United Nations Honors End of World War II During Nuclear Non-Proliferation Treaty Conference

May 14, 2010

On May 8th, the 65th anniversary of the end of the Second World War in Europe, the United Nations held a commemoration for all victims of the war. The victory by the Allies set the stage for almost all nations to work to end war forever through the formation of the United Nations. The current Secretary General of the United Nations, Ban Ki-moon, said at the special session of the General Assembly that that the United Nations was "founded on that most human of hopes, an end to the 'scourge of war'."

Citing the five-year review conference of the Nuclear Non-Proliferation Treaty (NPT), which is currently underway at the United Nations, Ban Ki-moon, said "It is fitting, today, that we commemorate the war's end at a moment when nations are gathered to advance the cause of peace."

He continued, "The Nuclear Non-Proliferation Treaty is also a document of hope, a vision for a nuclear-weapon-free world. Thank you for helping us to remember the past, so that we may better shape our future."

Earlier in the week, representatives of the Alliance for Nuclear Accountability presented a panel entitled, "Nuclear Weapons Production in the Age of Obama: Community Experts Reporting on Continuing U.S. Nuclear Weapons Production." www.ananuclear.org Members of directly affected communities discussed environmental, health, legal, and the international security impacts of warhead production in the U.S. Three of the speakers were from communities that are home to nuclear weapons production facilities, including Jay Coghlan of Nuclear Watch New Mexico. Ann Suellentrop, of Physicians for Social Responsibility and Kansas City Peace Works, based in Kansas City, Missouri, and Marylia Kelley, of Tri-Valley Communities Against a Radioactive Environment, or Tri-Valley CAREs, based in Livermore, California, joined him.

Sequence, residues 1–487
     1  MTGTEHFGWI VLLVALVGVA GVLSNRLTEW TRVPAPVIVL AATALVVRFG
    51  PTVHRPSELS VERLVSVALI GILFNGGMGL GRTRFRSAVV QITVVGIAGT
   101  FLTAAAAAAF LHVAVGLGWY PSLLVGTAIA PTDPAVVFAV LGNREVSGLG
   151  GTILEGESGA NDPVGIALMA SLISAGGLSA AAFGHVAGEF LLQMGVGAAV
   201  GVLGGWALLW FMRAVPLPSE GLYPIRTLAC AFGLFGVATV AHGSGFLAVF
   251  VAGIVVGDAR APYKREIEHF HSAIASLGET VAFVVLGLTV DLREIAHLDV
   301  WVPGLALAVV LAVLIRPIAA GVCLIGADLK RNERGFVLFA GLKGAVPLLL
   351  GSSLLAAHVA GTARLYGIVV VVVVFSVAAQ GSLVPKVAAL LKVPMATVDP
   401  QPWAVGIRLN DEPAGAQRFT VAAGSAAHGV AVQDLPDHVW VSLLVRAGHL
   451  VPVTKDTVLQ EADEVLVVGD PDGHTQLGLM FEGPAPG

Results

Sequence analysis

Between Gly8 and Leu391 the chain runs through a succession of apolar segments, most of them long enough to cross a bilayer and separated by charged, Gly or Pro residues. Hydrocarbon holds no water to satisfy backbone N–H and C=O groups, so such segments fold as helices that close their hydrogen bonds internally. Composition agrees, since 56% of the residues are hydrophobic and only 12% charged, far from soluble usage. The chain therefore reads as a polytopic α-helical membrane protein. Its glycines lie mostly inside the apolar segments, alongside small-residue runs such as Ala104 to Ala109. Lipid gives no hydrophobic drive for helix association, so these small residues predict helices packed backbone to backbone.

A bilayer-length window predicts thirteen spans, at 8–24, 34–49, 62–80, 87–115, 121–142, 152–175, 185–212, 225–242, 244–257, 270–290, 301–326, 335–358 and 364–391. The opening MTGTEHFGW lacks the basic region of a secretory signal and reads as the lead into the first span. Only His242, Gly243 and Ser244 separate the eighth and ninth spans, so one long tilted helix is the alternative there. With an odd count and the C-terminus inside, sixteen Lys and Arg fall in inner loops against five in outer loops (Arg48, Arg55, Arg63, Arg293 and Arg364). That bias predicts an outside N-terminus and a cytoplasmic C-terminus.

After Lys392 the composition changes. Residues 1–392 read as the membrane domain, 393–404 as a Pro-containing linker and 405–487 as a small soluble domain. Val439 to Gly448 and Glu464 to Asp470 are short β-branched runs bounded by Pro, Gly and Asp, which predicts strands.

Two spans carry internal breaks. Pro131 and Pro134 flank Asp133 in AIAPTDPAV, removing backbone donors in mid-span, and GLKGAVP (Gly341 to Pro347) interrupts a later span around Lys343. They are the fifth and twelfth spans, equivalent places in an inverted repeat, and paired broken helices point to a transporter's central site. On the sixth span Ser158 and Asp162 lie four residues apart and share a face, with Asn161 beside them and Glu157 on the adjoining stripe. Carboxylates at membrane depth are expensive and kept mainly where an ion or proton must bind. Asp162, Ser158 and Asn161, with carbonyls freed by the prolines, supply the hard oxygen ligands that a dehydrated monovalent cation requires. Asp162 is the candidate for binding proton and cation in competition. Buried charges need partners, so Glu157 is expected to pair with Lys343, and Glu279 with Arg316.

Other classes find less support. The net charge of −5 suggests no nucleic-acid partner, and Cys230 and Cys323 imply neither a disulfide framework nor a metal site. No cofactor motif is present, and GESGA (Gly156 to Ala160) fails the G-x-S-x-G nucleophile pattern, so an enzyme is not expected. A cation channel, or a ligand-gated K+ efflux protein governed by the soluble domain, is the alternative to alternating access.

Kelley described the U.S. nuclear weapons laboratories at Livermore, Sandia and Los Alamos as the driving force behind the Obama administration's plan to increase funding for nuclear weapons and build new bomb factories. She described the laboratories as the "taproot of funding" for nuclear weapons and asserted that their survival is linked to continuing nuclear weapons work. Kelley added that the nuclear weapons laboratories confuse "personal security with national security."

You can view the presentation at a new source of information about the NPT, which is NPT TV. It is a project of a Heidelberg-based grassroots organization, called the Student Peace Bureau, which is working on issues of peace and development. Since 2007, it has produced almost 250 interviews with non-governmental organizations and diplomats reporting on the NPT proceedings. The presentation may be viewed through the website http://npt-tv.net; Facebook-presence http://ho.io/NPT; or Tweets on http://twitter.com/NPTtv

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